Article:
By Mark Blaxill
John McCain's surprise decision for his Vice Presidential running mate, Alaska Governor Sarah Palin, has shaken up the 2008 presidential election race. Since Palin, who has served only two years as Alaska's governor, is not well known, her selection as the Republican candidate for Vice President has raised a number of questions. The most obvious and important question is being asked widely: is she ready to be President should something happen to John McCain? In the meantime, this telegenic, 44 year old mother of five has made history as only the second woman in American history to be selected as Vice President for a major party ticket.
But for some of us, the selection of Sarah Palin has a special resonance. Palin's younger son, Trig, born on April 19, 2008, is barely 4 months old now. Trig has Down's syndrome, a disorder that began at conception when he received two copies of his 21st chromosome from either his mother or father (close to 90% of the time, the extra copy is maternal), leaving him with three copies of this chromosome instead of the usual two. This genetic condition, formally known as trisomy 21, affects roughly 1 in 800 American children today, but as many as 1 in 27 children born to mothers who, like Palin, give birth at age 44.
For readers of the Age of Autism, this 4 month child is worth watching. Because trisomy 21 is not just the cause of Down's syndrome, it is also a genetic susceptibility factor for autism.
Rates of autism in children with Down's syndrome have not been determined with any great precision. They are quite likely increasing as the background rate of autism has also increased in the last 15-20 years. But there is little dispute that autism rates are high in the Down's syndrome population. One 1999 study in the UK estimated the minimum rate of autism in a population of children with Down's syndrome in South Birmingham at 7%. That places the risk of autism in children with Down's syndrome at least 10 times higher than the regular population. For Sarah Palin, that means her 4 month old son Trig may have at least a 1 in 15 chance of developing autism in addition to his Down's syndrome if one applies a ten year old estimate. If one makes the reasonable assumption that autism risk has risen over the last decade Trig's autism risk may well be greater than 1 in 10. Those aren't very good odds, especially for a family already facing the hardship of managing the difficulties of a special needs child.
These concerns would be important for any mother of a child with Down's syndrome, but they will take on an even greater urgency for Sarah Palin now that she is a Vice Presidential candidate. Quite literally overnight, Sarah Palin has become America's most visible mother of an infant child. And in her position, a stark and important personal health care decision now becomes a matter of public interest.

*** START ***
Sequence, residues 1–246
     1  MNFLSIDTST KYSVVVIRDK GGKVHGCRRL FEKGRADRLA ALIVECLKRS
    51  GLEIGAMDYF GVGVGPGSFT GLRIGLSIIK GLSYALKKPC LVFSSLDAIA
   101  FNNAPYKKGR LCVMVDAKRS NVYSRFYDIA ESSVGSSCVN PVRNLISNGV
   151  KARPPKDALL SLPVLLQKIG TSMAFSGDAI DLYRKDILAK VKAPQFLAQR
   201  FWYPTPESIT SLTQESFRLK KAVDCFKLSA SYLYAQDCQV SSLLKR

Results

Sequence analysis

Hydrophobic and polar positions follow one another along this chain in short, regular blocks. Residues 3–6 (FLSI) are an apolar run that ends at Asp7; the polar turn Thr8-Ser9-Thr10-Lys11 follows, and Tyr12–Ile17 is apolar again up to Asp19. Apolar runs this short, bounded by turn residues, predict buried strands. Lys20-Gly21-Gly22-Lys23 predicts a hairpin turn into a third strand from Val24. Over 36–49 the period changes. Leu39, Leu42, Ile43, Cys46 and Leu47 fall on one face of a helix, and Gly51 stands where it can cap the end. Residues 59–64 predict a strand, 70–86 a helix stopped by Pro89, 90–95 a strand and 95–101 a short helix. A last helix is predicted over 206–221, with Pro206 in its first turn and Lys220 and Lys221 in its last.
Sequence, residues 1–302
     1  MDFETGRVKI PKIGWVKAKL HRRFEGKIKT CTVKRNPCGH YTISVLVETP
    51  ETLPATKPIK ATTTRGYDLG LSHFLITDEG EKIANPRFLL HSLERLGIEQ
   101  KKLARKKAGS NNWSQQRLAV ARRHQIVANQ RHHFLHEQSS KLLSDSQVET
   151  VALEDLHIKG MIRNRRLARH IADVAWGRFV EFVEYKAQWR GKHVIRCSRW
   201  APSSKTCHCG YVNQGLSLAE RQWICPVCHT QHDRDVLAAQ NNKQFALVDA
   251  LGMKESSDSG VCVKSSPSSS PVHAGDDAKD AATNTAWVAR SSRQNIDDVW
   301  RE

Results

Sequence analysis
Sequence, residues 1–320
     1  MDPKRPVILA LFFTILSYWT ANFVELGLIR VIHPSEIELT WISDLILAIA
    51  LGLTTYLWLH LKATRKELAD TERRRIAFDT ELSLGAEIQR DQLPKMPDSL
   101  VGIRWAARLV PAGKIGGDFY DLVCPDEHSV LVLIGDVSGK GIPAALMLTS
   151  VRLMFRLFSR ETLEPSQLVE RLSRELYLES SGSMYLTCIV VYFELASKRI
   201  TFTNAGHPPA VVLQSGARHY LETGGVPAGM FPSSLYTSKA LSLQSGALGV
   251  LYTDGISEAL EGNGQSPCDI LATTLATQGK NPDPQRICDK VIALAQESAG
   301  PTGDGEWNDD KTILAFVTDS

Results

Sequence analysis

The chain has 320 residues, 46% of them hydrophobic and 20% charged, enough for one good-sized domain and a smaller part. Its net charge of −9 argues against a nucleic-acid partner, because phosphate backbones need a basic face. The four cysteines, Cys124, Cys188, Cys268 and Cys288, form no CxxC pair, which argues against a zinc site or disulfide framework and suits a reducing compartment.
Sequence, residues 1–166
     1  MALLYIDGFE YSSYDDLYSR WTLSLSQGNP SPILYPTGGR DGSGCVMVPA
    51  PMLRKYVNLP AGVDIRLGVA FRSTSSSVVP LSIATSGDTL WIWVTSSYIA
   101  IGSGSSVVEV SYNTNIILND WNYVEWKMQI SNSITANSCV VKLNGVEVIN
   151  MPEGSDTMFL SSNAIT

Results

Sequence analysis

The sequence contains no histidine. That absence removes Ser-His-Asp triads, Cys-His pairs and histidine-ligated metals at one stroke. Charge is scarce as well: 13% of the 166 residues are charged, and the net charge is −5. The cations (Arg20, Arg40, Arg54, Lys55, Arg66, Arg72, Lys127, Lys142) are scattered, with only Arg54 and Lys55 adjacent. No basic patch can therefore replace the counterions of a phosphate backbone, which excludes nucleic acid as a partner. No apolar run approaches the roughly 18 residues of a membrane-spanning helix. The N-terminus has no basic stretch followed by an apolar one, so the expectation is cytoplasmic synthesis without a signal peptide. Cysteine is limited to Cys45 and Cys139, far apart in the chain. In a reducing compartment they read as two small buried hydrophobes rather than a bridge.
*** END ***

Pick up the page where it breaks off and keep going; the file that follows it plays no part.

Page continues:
How will Sarah Palin vaccinate her infant son Trig?
Trig will be over six months old when flu season rolls around. Will Governor Palin consent to give him the recommended mercury-containing flu shot when his next well baby visit arises? As Governor, when she signed a statement in October 2007, as part of Influenza Vaccination Awareness Season in Alaska, to "encourage all Alaskans to get a flu vaccination to protect themselves, their families, and their communities," did she follow her own guidance? Indeed, did she receive a mercury-containing flu shot herself during last year's flu season when she was in the late stages of her pregnancy? Will Governor Palin follow the CDC's recommended immunization schedule for Trig and receive over 40 separate vaccine doses over the first 5 years of his life. Indeed, at 4 months of age, at a time when Trig should already have received 16 different vaccine doses, is he on schedule or not?
Make no mistake, as the mother of a Down's syndrome child, Sarah Palin is playing with fire if she chooses not to deviate from the recommended schedule. With so many children with no identifiable risk factors showing up with autism that their parents connected to a vaccine reaction, if I were the mother of a child in an identified high risk group, I'd be scared to death to follow the rules. And I'd be doing everything I could to select only the most important vaccines and slow the entire process down. Most of all, I'd do my best to stay under the radar and not call attention to anything I was doing. The easiest way to delay the process is to feign ignorance and let the task of scheduling appointments carry the necessary delay.
Unfortunately for Sarah Palin, her newly visible public role doesn't allow her to fly under the radar. Every personal choice she has ever made, from playing point guard on her high school basketball team, to entering the Miss Alaska beauty pageant, to running for Mayor of Wassilla, is about to come under relentless scrutiny. Her decision not to abort Trig even after she learned he was a Down's syndrome child has won her the admiration of the pro-life crowd. But knowing that she has delivered her special needs child and has started to manage this 4 month old baby's health and development, she has a new set of choices to make that will become a matter of intense public interest. Will she follow the recommended childhood immunization schedule for Trig, or will she not?
What are you going to do Governor? What are you going to do?
Mark Blaxill is Editor at Large of Age of Autism.
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